In honor of Cocktail Week 2012, Eater contributor Rachel Brill spent an evening behind the bar at Grand Prize with cocktail mastermind and Houston native, Yael Vengroff. Vengroff's journey began in New York in 2005 when she started working at a sports bar to make some extra money while attending NYU. Dissatisfied with her job, she explored other opportunities at both fine dining establishments and night clubs. Ready to give up on the industry entirely, Vengroff accepted a job at Tailor (a new American lounge in SoHo) and finally found her spark; she discovered that bartending could be more of an art than a service. Many cocktails, a few new positions, and lots of networking later, Vengroff is now considered one of the best female bartenders in the country, having twice won the national Speed Rack competition.
Vengroff returned to Houston after a six-month stint in Mumbai where she was responsible for the development of a new bar. Although she recently departed for Los Angeles, she made her mark at 13 Celsius, Mongoose versus Cobra, Fitzgerald's, and Grand Prize Bar (where this tale continues).
So, I have done this a couple of times. And by this, I mean shadowing an employee of a restaurant (line chef, pizza ninja, server, etc.). Typically I am just that: a shadow. About 15 minutes into my shift, I knew this was going to be a different story. Yael defined the soda gun buttons, prescribed the number of seconds to pour the liquor, taught me how to use the computer, and set me free. A woman approached the bar and ordered a vodka soda with lime. Yael nodded to indicate that it was all me.
"It can't get any easier than that," I thought to myself. WRONG!
"Which cup do I use for a vodka soda?"
"Do I add the ice before or after I pour the liquor?" I poured the liquor.
"Wow, this bottle is really heavy," I quickly realized. I also quickly realized that if the pourer is facing the wrong direction you make a really big mess. My appreciation for bartenders had skyrocketed by the time I barely assembled half a vodka soda.
As the night progressed, I elected myself the token beer grabber, as this was far less challenging than mixed drinks. In between customers Yael explained different facets of cocktail-making. She instructed me on the different jigger measurements, the importance of block ice, and how to properly smell the different types of bitters by rubbing a few drops together between your hands.
As luck would have it, two of my friends entered the bar and ordered two different cocktails. Because they were my friends (read: time was on our side), Yael used this opportunity to coach me through my inaugural drinks. We set up two halves of the shakers and pulled all of the necessary ingredients from the back of the bar.
Because I was obviously new at this, Yael plugged some magic into the computer and printed the two recipes on receipt tape. Yael instructed that the goal is only to pick up each ingredient one time when making multiple cocktails. However, because of my newb status, we stuck with one drink at a time. One by one I methodically added each ingredient. Yael identified the fresh ingredients available under the bar and the importance of not over-muddling the basil. A few playful eye rolls from my friends later, I was ready to start shaking.
"There is NO WAY I look as cool as real bartenders do," I embarrassingly thought to myself as I shook the first shaker. I quickly asked Yael, "How much longer?" My arm was throbbing. I realized that if I were to ever permanently change professions, I would definitely need to start lifting weights. Also, something I had never considered was how freakishly cold those metal shakers get. Not only was my inadequate arm throbbing from the intense activity, my hands were numb. Yael finally relieved me from shaking because I am pretty sure I started to visibly show pain.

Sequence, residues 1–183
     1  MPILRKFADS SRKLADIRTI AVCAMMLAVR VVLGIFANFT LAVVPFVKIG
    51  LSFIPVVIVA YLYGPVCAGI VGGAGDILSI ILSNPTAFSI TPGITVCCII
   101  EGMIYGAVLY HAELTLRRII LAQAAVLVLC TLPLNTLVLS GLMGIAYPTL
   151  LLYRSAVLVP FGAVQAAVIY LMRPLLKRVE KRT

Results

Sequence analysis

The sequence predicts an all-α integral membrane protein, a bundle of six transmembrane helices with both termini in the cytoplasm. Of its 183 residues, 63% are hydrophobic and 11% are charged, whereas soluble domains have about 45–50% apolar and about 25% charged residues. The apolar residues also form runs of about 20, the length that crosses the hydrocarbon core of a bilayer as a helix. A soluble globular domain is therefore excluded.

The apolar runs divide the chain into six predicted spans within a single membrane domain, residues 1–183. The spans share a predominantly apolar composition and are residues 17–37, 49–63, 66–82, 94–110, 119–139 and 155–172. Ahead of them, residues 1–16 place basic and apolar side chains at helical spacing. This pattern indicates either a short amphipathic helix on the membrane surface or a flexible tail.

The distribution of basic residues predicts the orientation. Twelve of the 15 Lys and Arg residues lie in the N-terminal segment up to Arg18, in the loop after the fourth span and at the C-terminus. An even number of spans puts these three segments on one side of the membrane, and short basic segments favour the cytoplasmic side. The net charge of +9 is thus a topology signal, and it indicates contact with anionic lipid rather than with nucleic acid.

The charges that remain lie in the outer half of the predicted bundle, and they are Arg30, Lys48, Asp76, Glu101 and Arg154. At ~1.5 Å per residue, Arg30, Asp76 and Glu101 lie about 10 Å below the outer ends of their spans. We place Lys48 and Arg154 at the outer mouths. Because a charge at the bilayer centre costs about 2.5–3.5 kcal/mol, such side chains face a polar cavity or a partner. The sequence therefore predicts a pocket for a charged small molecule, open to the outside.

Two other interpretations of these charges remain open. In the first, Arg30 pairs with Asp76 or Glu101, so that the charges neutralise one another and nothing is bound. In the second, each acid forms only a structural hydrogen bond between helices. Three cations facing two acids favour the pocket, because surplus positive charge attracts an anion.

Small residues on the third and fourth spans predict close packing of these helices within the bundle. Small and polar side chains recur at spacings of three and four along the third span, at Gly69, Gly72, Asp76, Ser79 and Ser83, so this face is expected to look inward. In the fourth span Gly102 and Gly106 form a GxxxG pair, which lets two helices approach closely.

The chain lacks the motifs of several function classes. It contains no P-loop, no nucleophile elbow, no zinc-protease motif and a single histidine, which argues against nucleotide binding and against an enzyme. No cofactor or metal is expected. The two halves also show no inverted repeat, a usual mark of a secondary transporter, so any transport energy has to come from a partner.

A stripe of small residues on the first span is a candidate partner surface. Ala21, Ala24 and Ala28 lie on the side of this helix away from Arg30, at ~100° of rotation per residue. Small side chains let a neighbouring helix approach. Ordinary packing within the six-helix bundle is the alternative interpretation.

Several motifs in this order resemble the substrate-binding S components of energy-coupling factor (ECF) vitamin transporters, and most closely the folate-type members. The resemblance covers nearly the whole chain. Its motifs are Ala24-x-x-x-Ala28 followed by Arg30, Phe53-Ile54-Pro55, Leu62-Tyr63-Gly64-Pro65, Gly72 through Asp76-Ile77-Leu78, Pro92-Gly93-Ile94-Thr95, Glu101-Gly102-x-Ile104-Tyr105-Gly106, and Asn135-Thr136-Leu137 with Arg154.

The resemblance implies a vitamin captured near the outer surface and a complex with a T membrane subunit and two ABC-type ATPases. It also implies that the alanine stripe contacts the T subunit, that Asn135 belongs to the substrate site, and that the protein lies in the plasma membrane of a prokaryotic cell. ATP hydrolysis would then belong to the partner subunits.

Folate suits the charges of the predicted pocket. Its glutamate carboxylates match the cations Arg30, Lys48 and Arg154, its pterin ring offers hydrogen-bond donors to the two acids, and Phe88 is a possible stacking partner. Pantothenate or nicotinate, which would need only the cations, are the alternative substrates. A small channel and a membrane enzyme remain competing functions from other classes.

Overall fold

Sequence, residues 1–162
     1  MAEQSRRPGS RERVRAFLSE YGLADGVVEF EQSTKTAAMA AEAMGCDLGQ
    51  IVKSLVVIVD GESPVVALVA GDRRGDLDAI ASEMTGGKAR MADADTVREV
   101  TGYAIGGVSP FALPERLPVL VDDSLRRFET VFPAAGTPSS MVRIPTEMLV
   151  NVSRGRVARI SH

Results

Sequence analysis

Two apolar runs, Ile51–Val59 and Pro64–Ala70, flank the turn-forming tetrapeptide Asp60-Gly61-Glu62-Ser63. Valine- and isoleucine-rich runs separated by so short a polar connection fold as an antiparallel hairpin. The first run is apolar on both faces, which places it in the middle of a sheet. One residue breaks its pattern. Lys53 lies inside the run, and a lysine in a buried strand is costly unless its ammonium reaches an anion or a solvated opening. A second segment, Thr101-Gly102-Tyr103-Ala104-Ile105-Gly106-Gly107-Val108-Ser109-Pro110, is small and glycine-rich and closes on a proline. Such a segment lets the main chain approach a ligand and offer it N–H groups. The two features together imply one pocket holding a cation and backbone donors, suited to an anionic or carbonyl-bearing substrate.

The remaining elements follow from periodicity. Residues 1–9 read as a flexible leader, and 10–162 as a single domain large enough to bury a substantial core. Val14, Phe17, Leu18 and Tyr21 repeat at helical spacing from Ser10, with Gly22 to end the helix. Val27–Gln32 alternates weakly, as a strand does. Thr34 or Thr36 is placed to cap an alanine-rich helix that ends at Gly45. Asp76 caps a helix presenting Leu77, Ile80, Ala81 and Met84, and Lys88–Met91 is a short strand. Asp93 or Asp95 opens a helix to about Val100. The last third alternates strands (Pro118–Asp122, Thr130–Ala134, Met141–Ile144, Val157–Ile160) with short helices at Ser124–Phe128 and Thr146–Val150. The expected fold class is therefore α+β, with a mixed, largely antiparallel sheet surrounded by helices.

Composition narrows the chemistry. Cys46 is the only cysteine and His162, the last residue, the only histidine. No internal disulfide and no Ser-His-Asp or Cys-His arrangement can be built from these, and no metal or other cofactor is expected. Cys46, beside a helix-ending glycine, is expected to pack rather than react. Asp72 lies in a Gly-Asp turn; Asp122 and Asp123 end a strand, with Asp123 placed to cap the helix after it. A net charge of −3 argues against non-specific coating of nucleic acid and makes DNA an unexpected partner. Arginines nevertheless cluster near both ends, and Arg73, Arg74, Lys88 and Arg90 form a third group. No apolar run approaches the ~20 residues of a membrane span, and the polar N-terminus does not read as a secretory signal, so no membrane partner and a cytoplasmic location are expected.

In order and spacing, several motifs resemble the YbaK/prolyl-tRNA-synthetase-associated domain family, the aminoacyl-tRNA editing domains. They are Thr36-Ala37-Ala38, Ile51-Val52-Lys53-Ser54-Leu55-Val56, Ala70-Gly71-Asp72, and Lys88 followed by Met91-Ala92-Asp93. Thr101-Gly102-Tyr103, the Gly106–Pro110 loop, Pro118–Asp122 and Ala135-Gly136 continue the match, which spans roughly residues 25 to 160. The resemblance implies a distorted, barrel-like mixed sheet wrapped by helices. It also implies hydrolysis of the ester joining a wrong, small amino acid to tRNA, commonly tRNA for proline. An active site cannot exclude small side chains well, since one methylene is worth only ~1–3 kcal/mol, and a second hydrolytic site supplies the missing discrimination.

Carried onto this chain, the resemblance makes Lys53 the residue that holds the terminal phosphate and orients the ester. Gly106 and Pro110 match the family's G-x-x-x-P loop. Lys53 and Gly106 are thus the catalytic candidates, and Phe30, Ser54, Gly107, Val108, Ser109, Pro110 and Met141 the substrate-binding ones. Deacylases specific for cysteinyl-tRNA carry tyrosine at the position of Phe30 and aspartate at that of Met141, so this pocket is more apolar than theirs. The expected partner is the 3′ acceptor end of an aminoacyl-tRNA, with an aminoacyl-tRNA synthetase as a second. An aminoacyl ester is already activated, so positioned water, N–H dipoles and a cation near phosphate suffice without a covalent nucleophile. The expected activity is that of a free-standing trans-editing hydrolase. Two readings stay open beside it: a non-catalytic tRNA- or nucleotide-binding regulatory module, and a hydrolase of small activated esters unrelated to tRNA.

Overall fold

All we had left was to pull apart the shakers and transfer the beverages into the appropriate glassware. I thought we were in the home stretch until I realized that it is physically impossible to separate a cocktail shaker. Maybe that's an over exaggeration, but I tried a dozen times throughout the course of the night to no avail. I conceded to Yael, who elegantly slammed the flat part of her wrist against the bottom half of the shaker which, in turn, released the top. I was in awe and confirmed to myself that I definitely need to start working out. I poured the drinks and, approximately 20 minutes after they ordered, served them to my friends.
While I was having a blast learning the ins and outs of Yael's talents, the majority of the night's customers didn't sign up for the beginner's class. So with my new-found appreciation for the attention to detail, concentration, and physical endurance required for bartending, I spent the rest of the night as an admiring spectator. With each cocktail she prepared, Yael would narrate the process and describe the qualities of the various ingredients. As she stirred a cocktail with the long, skinny spoon she explained the multiple purposes; blending the ingredients, chilling the cocktail, and introducing the proper level of dilution. As Yael explained her stirring technique, one of the other bartenders casually listened in to glean some tips from her expertise.
The rest of the shift included a plethora of other lessons such as a segment on egg whites and the opportunity to sample one of Yael's own creations (the ok go! which includes cognac, scotch, lemon juice, St. Germain, Angostura bitters, and green cardamom). As the shift came to a close, I can honestly say that my perception of bartending had been dramatically affected. And I only lasted until midnight.
-- Rachel Brill